Understanding Conversation – Children With an Extra X or Y Chromosome – Now Recruiting!

The Department of Experimental Psychology (EP) at the University of Oxford would like to invite your child to be part of this study investigating how we understand conversation. The project is looking at how children understand conversations. We know that vocabulary and grammar are important in understanding conversation, but social communication is likely to depend on more than just these two aspects. For example, people need to understand how context is important in understanding why someone is saying something – for instance, if you say ‘dinner is on the table’, you are not so much telling your family where dinner is, as inviting your family to come and eat! Currently, very little is known about how children develop the ability to understand meaning flexibly in conversation, and so we are exploring this.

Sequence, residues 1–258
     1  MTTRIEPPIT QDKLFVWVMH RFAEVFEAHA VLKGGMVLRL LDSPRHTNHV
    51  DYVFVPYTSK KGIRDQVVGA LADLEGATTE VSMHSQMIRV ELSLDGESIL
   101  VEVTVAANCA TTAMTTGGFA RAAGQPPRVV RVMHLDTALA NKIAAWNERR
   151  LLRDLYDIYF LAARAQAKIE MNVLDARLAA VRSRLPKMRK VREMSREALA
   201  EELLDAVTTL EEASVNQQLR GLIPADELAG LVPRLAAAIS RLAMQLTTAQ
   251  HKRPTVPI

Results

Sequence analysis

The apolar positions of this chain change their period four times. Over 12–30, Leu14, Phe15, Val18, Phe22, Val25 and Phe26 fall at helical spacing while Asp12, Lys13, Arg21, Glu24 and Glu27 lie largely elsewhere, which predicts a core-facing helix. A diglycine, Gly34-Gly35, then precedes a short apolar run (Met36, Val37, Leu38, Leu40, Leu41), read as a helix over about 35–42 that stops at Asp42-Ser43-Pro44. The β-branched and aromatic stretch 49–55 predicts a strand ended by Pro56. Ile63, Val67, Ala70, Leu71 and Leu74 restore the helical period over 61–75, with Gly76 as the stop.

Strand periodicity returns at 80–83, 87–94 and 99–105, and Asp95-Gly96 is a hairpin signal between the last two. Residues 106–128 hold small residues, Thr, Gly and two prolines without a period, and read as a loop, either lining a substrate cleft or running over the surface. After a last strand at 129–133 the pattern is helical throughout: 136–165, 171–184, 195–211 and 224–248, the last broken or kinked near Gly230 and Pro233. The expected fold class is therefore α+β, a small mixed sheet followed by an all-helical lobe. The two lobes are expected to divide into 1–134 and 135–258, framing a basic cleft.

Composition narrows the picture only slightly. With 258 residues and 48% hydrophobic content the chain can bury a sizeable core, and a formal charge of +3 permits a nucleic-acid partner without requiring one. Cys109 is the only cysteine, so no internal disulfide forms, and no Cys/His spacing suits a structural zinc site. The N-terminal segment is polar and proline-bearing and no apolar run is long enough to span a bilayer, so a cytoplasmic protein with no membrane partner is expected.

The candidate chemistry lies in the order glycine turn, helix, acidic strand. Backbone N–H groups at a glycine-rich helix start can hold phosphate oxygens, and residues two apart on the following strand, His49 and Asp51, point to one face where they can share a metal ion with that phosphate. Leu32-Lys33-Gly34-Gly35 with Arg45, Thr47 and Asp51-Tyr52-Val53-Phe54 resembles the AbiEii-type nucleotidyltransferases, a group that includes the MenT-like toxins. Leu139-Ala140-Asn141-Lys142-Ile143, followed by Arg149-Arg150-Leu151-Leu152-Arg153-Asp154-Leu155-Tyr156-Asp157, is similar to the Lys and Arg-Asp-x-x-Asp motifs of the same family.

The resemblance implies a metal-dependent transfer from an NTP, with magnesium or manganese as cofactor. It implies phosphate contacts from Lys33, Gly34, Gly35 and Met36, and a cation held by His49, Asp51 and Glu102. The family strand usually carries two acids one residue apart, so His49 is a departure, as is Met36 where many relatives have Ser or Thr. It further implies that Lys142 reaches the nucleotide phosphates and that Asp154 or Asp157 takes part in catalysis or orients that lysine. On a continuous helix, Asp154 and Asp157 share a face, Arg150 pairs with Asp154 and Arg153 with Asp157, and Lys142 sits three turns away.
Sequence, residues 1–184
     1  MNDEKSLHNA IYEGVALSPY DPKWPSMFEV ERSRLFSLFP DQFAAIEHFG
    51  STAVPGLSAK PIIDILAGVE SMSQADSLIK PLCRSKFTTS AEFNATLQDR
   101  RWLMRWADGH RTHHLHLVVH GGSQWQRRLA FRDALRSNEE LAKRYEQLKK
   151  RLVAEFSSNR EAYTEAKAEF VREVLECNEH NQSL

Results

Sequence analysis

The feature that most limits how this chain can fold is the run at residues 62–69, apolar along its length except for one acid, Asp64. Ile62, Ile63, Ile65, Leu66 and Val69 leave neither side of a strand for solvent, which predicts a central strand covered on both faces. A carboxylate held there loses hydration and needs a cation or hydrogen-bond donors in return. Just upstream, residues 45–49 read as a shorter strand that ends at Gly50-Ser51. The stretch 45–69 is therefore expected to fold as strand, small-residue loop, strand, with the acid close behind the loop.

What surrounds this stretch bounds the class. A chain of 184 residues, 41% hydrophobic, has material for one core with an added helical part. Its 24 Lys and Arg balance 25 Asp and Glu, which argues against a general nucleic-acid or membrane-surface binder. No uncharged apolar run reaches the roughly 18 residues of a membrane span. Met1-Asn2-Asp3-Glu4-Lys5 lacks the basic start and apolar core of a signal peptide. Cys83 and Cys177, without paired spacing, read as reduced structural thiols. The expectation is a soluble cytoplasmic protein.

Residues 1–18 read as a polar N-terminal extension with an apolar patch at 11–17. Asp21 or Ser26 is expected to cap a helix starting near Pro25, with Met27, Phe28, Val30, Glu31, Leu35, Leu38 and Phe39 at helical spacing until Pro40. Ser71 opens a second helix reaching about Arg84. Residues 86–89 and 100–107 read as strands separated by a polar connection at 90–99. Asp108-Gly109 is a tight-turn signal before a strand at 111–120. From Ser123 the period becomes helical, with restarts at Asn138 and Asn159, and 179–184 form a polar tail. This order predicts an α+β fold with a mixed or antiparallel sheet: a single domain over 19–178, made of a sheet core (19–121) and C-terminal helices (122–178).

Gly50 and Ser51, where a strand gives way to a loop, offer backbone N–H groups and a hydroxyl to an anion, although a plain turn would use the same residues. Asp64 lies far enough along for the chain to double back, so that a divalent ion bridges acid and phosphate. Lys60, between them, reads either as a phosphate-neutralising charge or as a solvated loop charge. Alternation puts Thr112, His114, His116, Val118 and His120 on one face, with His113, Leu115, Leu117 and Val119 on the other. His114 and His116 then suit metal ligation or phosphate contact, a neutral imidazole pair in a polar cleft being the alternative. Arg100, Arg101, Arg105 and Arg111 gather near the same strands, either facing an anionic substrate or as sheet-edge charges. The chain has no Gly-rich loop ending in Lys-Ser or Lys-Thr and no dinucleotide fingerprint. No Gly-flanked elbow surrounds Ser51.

Some children seem to have particular problems with social communication, as well as language more generally. This includes children with an extra X or Y chromosome. We hope the findings will be useful in understanding more about the problems experienced by children with communication difficulties. We are inviting 50 children with an extra X or Y chromosome to take part in this research. Any child with Klinefelter’s Syndrome (XXY), Triple X or XYY is eligible to take part. All children taking part will need to be aged between 7;0 and 14;11 years and speak English as a first language. The children will also need to have no severe hearing/sight problems and no history of neurological illness, brain injury or any genetic conditions besides the extra chromosome. Your child would need to be aware that they have an extra chromosome.

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